I was a little wary going into this book; I’ve read a couple of Oprah’s picks before, and generally found them dry and uninteresting. This one, though, was very well written. The voices of both women came through clearly, as did some of the brutality of slavery. Kidd also wrote The Secret Life of Bees, which got a lot of attention. If it’s anything like this, I might have to finally read that as well.

(I know the author is white, but I thought, being about slavery and abolition, it would still qualify for Black History Month.)

From the cover of The Invention of Wings:

A triumphant story about the quest for freedom and empowerment, Sue Monk Kidd’s third novel presents the extraordinary journeys of two unforgettable women: Hetty “Handful” Grimké, an urban slave in early-nineteenth century Charleston, and Sarah, the Grimkés’ idealistic daughter. 

Inspired in part by the historic figure of abolitionist and suffragette Sarah Grimké, Kidd’s novel is set in motion on Sarah’s eleventh birthday, when she is given ownership of ten-year-old Handful. The Invention of Wings follows these two women over the next thirty-five years as both strive for lives of their own, dramatically shaping each other’s destinies and forming a complex relationship marked by guilt, defiance, estrangement, and the uneasy ways of love.

 

Book Review: The True Confessions of Charlotte Doyle

true confessions of charlotte doyle aviThe True Confessions of Charlotte Doyle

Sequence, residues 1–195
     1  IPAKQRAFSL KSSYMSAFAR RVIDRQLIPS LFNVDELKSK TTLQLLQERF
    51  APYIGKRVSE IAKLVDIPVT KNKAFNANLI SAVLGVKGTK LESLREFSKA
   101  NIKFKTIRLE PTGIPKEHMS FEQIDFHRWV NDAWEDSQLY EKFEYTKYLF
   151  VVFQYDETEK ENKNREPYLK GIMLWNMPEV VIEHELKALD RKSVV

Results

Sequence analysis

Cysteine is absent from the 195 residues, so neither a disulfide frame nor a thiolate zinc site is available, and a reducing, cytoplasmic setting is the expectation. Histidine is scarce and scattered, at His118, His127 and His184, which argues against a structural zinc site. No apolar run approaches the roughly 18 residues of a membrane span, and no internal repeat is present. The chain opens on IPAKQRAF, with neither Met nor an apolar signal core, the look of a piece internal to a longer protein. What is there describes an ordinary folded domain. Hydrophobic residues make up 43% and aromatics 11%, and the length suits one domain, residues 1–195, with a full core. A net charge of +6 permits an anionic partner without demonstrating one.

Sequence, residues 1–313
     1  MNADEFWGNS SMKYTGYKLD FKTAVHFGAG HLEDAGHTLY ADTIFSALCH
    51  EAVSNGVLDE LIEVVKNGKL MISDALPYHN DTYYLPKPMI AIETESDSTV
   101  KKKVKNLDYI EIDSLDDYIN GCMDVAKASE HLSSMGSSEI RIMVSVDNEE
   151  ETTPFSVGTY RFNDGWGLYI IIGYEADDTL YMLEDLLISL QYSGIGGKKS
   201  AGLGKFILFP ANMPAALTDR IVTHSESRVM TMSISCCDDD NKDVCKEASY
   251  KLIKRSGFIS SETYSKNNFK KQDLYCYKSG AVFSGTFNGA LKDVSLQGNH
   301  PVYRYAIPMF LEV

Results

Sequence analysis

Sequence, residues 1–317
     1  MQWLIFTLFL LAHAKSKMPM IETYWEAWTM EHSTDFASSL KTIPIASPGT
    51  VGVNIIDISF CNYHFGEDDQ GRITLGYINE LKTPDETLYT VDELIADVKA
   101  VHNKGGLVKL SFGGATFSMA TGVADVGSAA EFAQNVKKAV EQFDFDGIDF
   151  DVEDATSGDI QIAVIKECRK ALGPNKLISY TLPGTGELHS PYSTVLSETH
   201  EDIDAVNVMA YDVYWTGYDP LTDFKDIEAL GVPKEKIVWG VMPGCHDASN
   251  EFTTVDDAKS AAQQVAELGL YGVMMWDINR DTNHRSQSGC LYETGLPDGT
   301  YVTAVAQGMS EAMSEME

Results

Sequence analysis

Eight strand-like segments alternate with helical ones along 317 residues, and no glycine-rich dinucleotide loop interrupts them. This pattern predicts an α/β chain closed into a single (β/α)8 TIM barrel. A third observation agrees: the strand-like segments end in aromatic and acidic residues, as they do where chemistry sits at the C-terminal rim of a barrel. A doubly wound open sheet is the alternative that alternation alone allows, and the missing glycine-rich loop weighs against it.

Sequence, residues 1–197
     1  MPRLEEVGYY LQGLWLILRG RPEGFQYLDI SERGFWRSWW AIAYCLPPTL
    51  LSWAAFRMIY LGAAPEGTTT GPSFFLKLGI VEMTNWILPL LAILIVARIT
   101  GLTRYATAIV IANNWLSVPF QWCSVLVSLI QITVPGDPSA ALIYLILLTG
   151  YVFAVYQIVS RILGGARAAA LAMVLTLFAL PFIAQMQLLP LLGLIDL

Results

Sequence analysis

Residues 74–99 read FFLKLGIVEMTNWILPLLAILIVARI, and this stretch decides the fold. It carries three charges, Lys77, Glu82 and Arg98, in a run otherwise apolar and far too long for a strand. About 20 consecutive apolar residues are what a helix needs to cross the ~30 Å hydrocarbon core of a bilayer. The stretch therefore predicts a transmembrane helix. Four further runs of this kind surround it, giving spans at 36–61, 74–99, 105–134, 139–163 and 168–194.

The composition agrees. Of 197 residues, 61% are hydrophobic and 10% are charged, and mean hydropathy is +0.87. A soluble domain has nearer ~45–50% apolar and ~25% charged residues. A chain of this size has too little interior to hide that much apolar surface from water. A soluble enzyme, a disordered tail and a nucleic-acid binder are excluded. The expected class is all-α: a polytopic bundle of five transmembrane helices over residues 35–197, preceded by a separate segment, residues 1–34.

Avi
Middle-grade historical fiction
229 pages
Published 1990

This was my husband’s suggestion for “A Book Set At Sea,” one of the categories on the PopSugar Reading Challenge. It was a book he’d read as a child, and one I’d never heard of. It was a quick, easy read, as it was meant for children. Late elementary school, would be my guess. (Husband read it in fifth grade for a class.)

The book is set in the summer of 1832. Charlotte Doyle is setting sail across the Atlantic to return to America and rejoin the rest of her family, after finishing the school year at her boarding school. Things are a bit suspicious from the beginning of the voyage – the other two families that were supposed to be on board the ship didn’t make it, so it’s just Charlotte and the crew. Deckhands at the dock warned her away from the ship and refused to carry her things to it.

As the voyage winds on, Charlotte discovers that the crew intensely dislikes their captain and thinks he’s far too strict – he beat one of their number so badly on the last voyage that the crewman lost his arm. Torn between the “noble” captain, who represents everything she’s used to, and her own sense of right and wrong, she starts to notice how cruel he is to the crew. Ultimately, her life, and the lives of the crew, hinge on her decisions as the captain uses her to spy on the crew and report back to him.

My favorite passage from the book turned out to be my husband’s favorite, as well:

 

“What’s a hurricane?”
“The worst storm of all.”
“Can’t we sail around?”
Barlow again glanced at the helm, the sails and then at the sky above. He frowned. “I heard Mr. Hollybrass and Jaggery arguing about it. To my understanding,” he said, “I don’t think the captain wants to avoid it.”
“Why not?”
“It’s what Grimes has been saying. The captain’s trying to move fast. If he sets us right at the hurricane’s edge, it’ll blow us home like a pound of shot in a two-pound cannon.”
“What if he doesn’t get it right?”
“Two pounds of shot in a one-pound cannon.”

I quite enjoyed this little book, and it’s a great example of a girl bucking tradition and doing what she’s good at, gender roles be damned. There is a fair bit of violence – in one scene a man is severely whipped – but it’s not graphic. No sexual themes at all. Pretty suitable for kids as soon as they’re decent enough readers.

From the cover of The True Confessions of Charlotte Doyle: